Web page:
Microsoft Confirms Lapsus$ Hacker Group Violated Its Systems

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Microsoft has confirmed that hacker group Lapsus$, which is also responsible for data breaches at Nvidia, Samsung and Okta, has been given limited access to its systems. The company confirmed the breach after the hacker group shared a file this week that allegedly contained partial source code for Bing and Cortana. Also Read – Microsoft Lowers Prices Of Game Pass, Xbox Live Gold: Prices Now Start At Rs 349

“No customer code or data was involved in the observed activities. Our investigation revealed that one account was hacked, allowing restricted access. Our cybersecurity response teams acted quickly to recover the compromised account and prevent further activity,” Microsoft wrote in a blog post. Also read – Microsoft wants you to stop using Internet Explorer now

In addition, the company said it has been actively monitoring the threat group known internally as DEV-0537 or LAPSUS$ for some time now. “Unlike most under-the-radar activity groups, DEV-0537 doesn’t seem to be covering its tracks. They even go as far as announcing their attacks on social media or advertising their intent to buy credentials from employees of target organizations,” Microsoft added in the blog post. Also Read – Microsoft Xbox Cloud Gaming Gets Better on iPhone and iPad

Speaking about the tactics used by the company, Microsoft said Lapsus$ uses a combination of phone-based social engineering and SIM swapping to collect information about targeted individuals and organizations.

“DEV-0537 also uses several tactics that are less commonly used by other threat actors followed by Microsoft. Their tactics include phone-based social engineering; SIM swapping to access personal email accounts of employees at target organizations, paying employees, suppliers or business partners of target organizations for access to credentials and multi-factor authentication (MFA) approvals.”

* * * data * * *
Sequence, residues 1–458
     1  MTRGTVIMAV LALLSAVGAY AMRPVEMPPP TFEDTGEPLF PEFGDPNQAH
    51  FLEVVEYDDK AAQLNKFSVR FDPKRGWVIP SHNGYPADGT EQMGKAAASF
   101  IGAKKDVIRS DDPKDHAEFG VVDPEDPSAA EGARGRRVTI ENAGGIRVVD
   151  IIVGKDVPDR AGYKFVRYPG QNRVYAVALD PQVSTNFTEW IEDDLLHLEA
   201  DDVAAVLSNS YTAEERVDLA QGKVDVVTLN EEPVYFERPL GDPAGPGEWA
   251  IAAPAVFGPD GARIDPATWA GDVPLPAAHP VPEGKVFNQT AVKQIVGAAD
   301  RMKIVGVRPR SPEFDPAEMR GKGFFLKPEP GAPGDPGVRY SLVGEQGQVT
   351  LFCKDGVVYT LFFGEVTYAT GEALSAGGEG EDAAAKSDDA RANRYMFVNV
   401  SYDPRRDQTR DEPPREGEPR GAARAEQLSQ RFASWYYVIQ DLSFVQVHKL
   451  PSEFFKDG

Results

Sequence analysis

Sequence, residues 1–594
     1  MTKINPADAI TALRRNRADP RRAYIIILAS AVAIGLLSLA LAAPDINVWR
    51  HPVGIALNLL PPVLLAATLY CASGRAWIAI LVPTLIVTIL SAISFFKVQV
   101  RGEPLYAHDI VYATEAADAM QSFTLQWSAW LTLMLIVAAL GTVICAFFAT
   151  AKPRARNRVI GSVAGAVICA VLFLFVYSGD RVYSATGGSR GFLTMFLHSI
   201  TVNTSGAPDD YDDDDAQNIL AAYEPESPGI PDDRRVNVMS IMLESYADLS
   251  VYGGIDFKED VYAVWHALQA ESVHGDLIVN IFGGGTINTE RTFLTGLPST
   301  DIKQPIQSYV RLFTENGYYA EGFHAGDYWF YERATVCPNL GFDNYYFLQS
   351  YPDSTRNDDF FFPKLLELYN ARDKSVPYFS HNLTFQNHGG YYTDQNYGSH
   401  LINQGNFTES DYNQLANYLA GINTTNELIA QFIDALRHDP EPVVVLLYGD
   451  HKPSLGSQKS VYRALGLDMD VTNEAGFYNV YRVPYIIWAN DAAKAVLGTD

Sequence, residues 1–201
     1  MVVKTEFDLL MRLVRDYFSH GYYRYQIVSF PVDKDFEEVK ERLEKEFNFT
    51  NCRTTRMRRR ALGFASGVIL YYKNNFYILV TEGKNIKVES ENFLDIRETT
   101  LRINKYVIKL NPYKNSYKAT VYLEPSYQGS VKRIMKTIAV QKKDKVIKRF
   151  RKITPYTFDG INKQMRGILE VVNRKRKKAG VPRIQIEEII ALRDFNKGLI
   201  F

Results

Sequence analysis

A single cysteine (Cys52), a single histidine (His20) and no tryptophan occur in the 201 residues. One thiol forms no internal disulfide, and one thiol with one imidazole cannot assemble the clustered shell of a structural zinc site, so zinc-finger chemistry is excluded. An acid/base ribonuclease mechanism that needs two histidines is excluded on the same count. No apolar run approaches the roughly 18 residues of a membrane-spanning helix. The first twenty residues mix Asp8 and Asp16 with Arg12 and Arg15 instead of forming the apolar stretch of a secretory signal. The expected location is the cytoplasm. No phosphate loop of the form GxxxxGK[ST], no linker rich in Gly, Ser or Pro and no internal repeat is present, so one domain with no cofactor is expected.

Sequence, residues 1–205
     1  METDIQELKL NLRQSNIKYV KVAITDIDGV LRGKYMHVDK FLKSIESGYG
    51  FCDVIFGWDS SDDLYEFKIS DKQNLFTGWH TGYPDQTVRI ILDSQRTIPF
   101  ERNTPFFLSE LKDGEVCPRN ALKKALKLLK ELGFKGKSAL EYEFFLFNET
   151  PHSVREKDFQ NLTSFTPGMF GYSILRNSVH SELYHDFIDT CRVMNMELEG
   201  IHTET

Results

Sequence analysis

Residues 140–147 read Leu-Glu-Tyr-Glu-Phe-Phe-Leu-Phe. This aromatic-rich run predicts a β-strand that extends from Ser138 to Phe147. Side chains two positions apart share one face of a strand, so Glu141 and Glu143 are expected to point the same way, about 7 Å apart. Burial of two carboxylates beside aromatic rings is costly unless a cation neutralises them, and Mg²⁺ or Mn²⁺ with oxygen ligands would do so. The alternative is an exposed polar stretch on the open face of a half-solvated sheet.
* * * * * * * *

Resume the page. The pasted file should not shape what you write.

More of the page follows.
The company also found incidents where the hacker group gained access to target organizations through recruited employees or business partners. The group even advertised that it wanted to “buy credentials for their targets to entice employees or contractors to participate in the operation.”

“The actor has been observed to subsequently participate in the organization’s crisis communication conversations and internal discussion boards (Slack, Teams, conference calls and others) to understand the incident response workflow and the response associated with it,” the company added.

How can you protect yourself from such attacks?

Microsoft has listed several steps that can be taken to protect individual accounts and company data from such hacker groups. The list includes using multi-factor authentication (MFA), using secure implementations such as FIDO tokens or Microsoft Authenticator with Caller ID, using complex and hard-to-guess passwords, and using biometric password authentication tools such as Windows Hello. The company also recommends avoiding telephony-based MFA methods to avoid the risks of SIM jacking.

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